Republicans may control the agenda, but they can't rule like this is a one-party country. It's 50-50. There is absolutely no mandate for the kind of radical change that President Bush wants.

"Four in five Americans want the Senate to thoroughly examine the president's nominees to be federal judges - an attitude shared by a majority of Democrats, Republicans and independents," according to a Friday Associated Press-Ipsos poll.

Be a patriot. Stand up for democracy. Force the Republicans to allow floor debate on President Bush's nominees.

Here's that AP-Ipsos poll story in the NY Times.

Bush lied - why are Americans still dying?



Right-wing critics of Newsweek, mindless defenders of the Bush administration, are now defending the tactics used by radical Islamists who incite violence. Once upon a time, radical Islamists were criticized for using anything to foment hatred of America, and to inspire murder. Now, the right wingnuts are smokin' from the same pipe, becoming apologists for that hatred and murder, blaming the media for the President Bush's own guilt in the indiscriminate policy of extrajudicial rendering, torture, and bombing of Muslims.

Of course, it's a shame that any more need be said about President Bush's campaign of lies perpetrated on American citizens, which (as of this writing) have caused the unnecessary deaths of 1636 American soldiers, 12,350 injured Americans, and the deaths of tens of thousands of innocent Iraqis.

Furthermore, not that I need to bring any more light to the abuse of prisoners around the world in American custody, but there is again further vindication of the veracity of reports of a systematic, widespread policy of torture by the Bush administration. There can no longer be any coverup of Bush's complicity by blaming a few "bad apples" at the bottom of the chain of command.

The latest accounts of prisoner abuse reported in the press, verified in the Army's own 2000-page report of abuse in Bagram, Afghanistan, document the deaths of 2 innocent Afghanis chained to the ceiling of their cells.


[Mr. Dilawar's] legs, which had been pummeled by guards for several days, could no longer bend. An interrogator told Mr. Dilawar that he could see a doctor after they finished with him. When he was finally sent back to his cell, though, the guards were instructed only to chain the prisoner back to the ceiling.

"Leave him up," one of the guards quoted Specialist Claus as saying.

Several hours passed before an emergency room doctor finally saw Mr. Dilawar. By then he was dead, his body beginning to stiffen. It would be many months before Army investigators learned a final horrific detail: Most of the interrogators had believed Mr. Dilawar was an innocent man who simply drove his taxi past the American base at the wrong time.

This is the height of hypocrisy, but nothing surprises me anymore from the lunatics who continue to support the Bush administration's treasonous, impeachable deception of American citizens.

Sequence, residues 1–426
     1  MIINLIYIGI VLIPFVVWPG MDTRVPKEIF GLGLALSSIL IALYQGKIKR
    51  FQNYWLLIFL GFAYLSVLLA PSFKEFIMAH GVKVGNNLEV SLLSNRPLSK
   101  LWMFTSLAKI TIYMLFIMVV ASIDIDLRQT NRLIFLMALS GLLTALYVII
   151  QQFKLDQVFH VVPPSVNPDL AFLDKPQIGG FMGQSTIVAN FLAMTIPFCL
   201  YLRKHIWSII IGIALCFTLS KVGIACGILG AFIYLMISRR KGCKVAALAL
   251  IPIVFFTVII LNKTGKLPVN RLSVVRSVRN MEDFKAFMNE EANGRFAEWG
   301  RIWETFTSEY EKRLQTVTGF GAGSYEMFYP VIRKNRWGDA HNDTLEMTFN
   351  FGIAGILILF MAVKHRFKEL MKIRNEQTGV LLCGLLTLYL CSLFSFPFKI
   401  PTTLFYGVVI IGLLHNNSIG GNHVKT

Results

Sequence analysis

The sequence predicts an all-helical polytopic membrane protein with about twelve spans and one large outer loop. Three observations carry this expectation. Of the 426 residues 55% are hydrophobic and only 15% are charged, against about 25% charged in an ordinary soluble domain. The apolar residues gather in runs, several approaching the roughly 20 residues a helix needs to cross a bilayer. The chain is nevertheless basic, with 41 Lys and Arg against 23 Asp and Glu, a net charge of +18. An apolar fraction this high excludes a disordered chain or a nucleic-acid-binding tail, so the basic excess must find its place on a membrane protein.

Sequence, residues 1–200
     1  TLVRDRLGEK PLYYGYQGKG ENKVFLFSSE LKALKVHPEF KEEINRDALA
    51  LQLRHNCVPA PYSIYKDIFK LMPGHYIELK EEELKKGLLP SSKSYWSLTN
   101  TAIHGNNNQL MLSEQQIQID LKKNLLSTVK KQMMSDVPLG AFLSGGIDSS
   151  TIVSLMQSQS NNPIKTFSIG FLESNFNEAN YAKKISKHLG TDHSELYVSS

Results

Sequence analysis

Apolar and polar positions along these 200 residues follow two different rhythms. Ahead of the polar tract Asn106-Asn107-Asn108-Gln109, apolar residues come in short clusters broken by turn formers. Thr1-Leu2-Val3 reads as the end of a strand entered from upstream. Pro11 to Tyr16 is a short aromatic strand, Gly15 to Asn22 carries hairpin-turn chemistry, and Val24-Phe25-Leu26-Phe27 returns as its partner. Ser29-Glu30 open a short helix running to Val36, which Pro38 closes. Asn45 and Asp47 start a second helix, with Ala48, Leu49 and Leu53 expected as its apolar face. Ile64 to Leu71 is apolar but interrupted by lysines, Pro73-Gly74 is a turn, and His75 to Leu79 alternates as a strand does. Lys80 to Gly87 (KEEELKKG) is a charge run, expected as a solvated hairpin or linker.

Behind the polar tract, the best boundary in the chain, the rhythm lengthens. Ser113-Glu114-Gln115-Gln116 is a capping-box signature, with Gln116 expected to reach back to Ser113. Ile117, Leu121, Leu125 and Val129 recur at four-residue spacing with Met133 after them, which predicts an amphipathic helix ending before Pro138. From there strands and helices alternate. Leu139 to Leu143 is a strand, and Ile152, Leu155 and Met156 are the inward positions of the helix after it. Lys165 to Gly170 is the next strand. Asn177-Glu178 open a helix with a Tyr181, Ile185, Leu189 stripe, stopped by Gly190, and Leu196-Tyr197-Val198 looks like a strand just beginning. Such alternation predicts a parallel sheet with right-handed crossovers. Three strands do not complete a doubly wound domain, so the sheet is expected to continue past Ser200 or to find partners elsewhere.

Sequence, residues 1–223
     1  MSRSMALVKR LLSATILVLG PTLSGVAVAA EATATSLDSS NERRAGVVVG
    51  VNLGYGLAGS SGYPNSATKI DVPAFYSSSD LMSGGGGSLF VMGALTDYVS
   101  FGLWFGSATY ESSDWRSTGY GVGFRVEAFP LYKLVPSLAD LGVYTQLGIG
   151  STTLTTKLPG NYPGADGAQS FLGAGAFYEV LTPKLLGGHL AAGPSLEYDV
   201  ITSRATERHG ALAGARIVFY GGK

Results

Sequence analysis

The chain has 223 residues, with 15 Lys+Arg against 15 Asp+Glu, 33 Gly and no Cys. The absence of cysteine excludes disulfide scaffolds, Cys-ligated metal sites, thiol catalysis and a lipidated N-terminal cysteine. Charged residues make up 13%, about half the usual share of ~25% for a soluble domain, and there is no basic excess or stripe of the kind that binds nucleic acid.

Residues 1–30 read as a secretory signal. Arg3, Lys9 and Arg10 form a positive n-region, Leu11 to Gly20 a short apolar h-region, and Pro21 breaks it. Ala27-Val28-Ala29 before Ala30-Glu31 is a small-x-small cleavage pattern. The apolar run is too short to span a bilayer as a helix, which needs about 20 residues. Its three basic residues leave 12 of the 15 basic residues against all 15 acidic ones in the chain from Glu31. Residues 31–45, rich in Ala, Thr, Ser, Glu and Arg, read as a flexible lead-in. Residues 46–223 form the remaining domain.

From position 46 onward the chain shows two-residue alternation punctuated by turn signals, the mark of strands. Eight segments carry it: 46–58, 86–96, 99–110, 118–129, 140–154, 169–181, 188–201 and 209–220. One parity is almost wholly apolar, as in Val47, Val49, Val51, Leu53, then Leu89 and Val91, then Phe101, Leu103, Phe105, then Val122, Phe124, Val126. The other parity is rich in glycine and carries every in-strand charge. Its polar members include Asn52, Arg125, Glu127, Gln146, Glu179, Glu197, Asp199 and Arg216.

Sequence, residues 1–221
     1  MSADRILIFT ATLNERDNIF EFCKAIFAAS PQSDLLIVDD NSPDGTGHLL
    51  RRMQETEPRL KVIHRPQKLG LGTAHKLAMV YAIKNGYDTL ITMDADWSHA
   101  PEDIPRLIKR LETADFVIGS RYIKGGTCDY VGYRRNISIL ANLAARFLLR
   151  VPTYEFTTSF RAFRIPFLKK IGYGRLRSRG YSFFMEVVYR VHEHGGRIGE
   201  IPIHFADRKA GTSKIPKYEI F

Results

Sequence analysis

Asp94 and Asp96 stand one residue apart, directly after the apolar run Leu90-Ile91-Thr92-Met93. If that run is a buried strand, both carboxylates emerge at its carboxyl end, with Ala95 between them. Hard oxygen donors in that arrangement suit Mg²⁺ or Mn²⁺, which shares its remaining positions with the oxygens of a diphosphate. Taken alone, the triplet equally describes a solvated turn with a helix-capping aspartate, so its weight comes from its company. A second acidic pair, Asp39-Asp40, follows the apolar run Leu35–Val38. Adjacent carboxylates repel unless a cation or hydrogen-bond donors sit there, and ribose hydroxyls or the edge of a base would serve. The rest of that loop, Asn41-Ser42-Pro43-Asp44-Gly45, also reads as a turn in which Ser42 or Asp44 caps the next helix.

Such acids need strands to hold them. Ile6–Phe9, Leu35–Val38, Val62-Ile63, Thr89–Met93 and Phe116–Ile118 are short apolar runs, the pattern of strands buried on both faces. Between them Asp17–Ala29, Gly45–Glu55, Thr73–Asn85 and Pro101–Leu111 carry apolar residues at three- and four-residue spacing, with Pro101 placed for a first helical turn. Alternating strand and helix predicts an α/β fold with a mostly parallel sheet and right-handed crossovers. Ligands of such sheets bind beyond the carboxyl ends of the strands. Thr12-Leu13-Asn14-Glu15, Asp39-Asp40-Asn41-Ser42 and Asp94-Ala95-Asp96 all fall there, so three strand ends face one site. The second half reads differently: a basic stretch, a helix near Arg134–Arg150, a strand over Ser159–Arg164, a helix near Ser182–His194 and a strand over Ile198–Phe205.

Friday, May 20, 2005

Bill O'Reilly eyes post as commissar of Newspeak

Bill O'Reilly's Talking Points (5/19/05) begins, "The battle over Newsweek's bogus Koran story continues." He then cites "elite media" stories which document the systematic abuse of prisoners at Abu Ghraib, Guantanamo, and elsewhere, claiming that these are just desperate attempts to reclaim lost esteem and place blame on the Bush administration.

No, no, no. The Bush administration isn't culpable in any of the dozens or hundreds of documented incidents of torture and abuse around the world (according to Alberto Gonzalez), and wouldn't in any event ever knowingly, say, send a person to Uzbekistan to take a dip in boiling oil without being charged with an offense. Oh...that thing called the Constitution? That's just some outdated liberal rag written a couple hundred years ago.

O'Reilly then remarks on how he'd deal with journalists who don't bow down to the Bush administration, as in the exchange in the White House press room between Scott McClellan and ABC correspondent Terry Moran (emphasis added):

These editorials sound like they're all written by the same person who says, hey, forget about the bogus story that may have killed people, the Bush administration caused everything. And that mindset is echoed by some in the electronic media.

(BEGIN VIDEO CLIP)

UNIDENTIFIED MALE: With respect, who made you the editor of "Newsweek"? Do you think it's appropriate for you at that podium speaking with the authority of the president of the United States, to tell an American magazine what they should print?

SCOTT MCCLELLAN, WHITE HOUSE PRESS SECRETARY: I'm not telling them. I'm saying that we would encourage them to help...

UNIDENTIFIED MALE: ...pressuring them

MCCLELLAN: No, I'm saying we would encourage them. Look, this report caused serious damage to the image of the United States abroad.

(END VIDEO CLIP)

O'REILLY: Now that was an ABC News correspondent. I would have slapped him. If I were McClellan, I would have went down and whacked him. All right? Don't use that tone with me.